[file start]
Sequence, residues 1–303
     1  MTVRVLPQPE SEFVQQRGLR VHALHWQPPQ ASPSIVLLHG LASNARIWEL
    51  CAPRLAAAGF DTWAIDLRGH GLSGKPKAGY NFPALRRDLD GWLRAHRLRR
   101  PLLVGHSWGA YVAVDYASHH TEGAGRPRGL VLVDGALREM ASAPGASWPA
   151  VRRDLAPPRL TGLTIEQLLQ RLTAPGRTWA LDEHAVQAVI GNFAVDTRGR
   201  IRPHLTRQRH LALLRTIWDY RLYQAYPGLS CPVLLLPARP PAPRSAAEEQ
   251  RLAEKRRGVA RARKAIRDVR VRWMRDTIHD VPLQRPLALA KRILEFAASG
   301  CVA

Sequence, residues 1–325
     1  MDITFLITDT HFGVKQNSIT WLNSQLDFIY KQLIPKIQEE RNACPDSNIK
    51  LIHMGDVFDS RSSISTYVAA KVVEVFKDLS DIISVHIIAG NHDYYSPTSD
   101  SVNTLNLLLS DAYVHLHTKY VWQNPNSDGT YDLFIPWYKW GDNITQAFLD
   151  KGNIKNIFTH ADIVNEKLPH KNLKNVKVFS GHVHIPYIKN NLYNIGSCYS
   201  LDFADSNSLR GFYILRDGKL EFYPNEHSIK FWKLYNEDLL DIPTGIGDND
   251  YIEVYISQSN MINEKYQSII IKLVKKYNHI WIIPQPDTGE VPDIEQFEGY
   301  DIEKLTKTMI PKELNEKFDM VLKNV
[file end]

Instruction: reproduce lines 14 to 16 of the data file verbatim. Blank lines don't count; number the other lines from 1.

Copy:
   201  LDFADSNSLR GFYILRDGKL EFYPNEHSIK FWKLYNEDLL DIPTGIGDND
   251  YIEVYISQSN MINEKYQSII IKLVKKYNHI WIIPQPDTGE VPDIEQFEGY
   301  DIEKLTKTMI PKELNEKFDM VLKNV